For reading ease, this scored 69. It also had a Grade Level of 7. This particular passage of Wind in the Willows scores at almost exactly the same level web page text should ideally score.

On the other hand, the following (both this text and the above were generously provided by [url=http://members.dca.net/slawski]Bill Slawski[/url], by the way) is an excerpt from a legal document, and would give many a headache:

The foregoing warranties by each party are in lieu of all other warranties, express or implied, with respect to this agreement, including but not limited to implied warranties of merchantability and fitness for a particular purpose. Neither party shall have any liability whatsoever for any cover or setoff nor for any indirect, consequential, exemplary, incidental or punitive damages, including lost profits, even if such party has been advised of the possibility of such damages.

This scores an incredible -1 on the reading ease scale. The Grade Level required to read it? 22. This is what you could widely consider the most unreadable text you could add to a web page.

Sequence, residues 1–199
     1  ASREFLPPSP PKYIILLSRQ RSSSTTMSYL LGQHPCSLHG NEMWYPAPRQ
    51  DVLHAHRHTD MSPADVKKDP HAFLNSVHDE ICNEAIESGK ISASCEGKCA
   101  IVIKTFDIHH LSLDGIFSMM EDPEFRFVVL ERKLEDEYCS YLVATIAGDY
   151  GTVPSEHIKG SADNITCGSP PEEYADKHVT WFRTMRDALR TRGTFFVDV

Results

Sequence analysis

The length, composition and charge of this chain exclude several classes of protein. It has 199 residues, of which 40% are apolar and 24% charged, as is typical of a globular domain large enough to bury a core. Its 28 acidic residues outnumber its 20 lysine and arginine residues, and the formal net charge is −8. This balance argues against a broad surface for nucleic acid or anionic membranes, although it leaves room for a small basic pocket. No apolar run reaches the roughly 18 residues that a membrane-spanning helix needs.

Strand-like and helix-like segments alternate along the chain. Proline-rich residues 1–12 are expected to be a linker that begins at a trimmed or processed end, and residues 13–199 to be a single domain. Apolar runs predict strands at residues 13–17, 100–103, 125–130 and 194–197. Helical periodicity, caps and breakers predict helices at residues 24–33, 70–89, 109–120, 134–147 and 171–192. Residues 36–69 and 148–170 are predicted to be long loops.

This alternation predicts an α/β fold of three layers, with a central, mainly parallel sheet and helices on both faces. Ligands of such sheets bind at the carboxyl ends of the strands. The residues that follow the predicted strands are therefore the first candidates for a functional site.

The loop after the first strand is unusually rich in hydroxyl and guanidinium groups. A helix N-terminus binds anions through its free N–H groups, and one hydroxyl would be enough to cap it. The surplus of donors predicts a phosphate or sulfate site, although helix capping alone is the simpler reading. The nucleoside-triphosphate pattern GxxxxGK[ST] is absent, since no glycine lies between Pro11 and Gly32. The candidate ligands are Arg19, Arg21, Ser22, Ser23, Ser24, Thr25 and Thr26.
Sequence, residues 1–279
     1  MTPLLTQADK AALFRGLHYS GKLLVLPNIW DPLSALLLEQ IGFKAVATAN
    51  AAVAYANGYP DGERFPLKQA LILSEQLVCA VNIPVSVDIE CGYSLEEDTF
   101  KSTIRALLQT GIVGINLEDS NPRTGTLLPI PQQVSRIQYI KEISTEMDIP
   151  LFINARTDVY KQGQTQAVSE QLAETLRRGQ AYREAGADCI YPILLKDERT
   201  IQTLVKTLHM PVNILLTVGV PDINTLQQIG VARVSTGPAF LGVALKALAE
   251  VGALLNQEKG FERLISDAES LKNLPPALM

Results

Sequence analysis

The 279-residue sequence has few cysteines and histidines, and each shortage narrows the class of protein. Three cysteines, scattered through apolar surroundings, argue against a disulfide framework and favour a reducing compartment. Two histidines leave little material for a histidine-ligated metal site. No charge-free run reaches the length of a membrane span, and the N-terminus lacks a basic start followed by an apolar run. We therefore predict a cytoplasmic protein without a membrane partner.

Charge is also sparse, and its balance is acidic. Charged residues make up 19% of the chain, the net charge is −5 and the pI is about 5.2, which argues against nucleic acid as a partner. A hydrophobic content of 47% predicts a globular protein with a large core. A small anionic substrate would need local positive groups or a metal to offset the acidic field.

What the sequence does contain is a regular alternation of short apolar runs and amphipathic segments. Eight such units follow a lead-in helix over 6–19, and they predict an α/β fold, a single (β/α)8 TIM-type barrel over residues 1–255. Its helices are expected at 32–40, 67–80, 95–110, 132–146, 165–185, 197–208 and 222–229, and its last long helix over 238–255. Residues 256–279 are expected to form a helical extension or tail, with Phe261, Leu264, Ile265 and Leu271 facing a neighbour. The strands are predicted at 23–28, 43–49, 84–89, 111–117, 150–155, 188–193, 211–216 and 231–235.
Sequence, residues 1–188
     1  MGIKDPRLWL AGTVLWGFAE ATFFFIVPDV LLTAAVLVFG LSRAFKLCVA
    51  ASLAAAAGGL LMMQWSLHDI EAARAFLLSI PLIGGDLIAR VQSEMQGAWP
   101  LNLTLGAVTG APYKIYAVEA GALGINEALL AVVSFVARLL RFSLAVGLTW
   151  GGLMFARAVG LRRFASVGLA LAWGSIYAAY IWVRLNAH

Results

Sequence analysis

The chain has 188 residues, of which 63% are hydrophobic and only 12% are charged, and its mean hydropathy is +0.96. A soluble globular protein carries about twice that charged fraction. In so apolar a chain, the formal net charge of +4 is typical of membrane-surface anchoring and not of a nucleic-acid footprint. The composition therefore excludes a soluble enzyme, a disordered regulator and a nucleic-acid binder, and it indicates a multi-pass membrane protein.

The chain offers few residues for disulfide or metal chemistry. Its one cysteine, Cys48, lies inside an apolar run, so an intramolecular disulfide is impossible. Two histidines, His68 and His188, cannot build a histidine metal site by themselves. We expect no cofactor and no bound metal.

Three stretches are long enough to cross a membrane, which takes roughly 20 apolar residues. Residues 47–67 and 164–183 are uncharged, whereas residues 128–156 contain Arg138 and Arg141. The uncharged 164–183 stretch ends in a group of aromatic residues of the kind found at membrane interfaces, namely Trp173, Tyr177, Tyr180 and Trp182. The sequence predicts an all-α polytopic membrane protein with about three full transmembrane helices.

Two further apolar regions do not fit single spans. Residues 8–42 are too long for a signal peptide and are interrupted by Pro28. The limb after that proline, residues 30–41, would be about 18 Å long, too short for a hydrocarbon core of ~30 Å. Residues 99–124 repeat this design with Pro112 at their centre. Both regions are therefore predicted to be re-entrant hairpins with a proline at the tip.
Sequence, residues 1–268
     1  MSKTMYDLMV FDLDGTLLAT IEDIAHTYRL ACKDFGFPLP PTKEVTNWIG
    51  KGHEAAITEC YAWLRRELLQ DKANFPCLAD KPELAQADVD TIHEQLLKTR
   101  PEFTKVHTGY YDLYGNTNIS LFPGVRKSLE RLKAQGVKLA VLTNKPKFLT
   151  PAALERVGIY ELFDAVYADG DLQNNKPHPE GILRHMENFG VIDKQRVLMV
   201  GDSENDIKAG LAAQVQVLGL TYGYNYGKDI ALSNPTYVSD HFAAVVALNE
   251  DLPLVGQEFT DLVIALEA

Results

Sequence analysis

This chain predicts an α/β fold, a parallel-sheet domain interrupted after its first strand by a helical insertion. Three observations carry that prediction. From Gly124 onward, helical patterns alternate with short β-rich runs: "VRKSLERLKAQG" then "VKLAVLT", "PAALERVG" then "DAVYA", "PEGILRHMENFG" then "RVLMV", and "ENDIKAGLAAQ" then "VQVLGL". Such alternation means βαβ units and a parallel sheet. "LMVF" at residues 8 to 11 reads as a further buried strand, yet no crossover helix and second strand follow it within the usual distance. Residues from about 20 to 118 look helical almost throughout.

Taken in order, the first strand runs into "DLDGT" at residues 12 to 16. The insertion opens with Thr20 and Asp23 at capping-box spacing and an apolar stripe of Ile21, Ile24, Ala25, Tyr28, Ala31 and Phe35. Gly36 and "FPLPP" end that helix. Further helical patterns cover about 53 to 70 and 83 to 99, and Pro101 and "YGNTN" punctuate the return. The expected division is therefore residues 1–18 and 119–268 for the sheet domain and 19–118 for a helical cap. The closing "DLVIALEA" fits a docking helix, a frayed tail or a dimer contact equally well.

These are, perhaps, extreme examples, but they should give an idea of the differences between good and bad text on a web page.



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Wed, 07 Jul 2004 14:17:00 +0100 http://www.addedbytes.com/blog/code/flesch-kincaid-function/ Dave Child ,,,,,,,,,,
Gunning-Fog Index http://www.addedbytes.com/blog/code/gunning-fog-function/ PLEASE NOTE: This code is now considered out of date. An updated version has been released under an open source license as a Google Code project: php-text-statistics. There is more about this change in the post Readability Code Open Sourced.

A tool for checking the readability scores of text is available - this article covers the functions behind that tool.

The Gunning-Fog index is a measure of text readability. It represents the approximate reading age of the text - the age someone will need to be to understand what they are reading.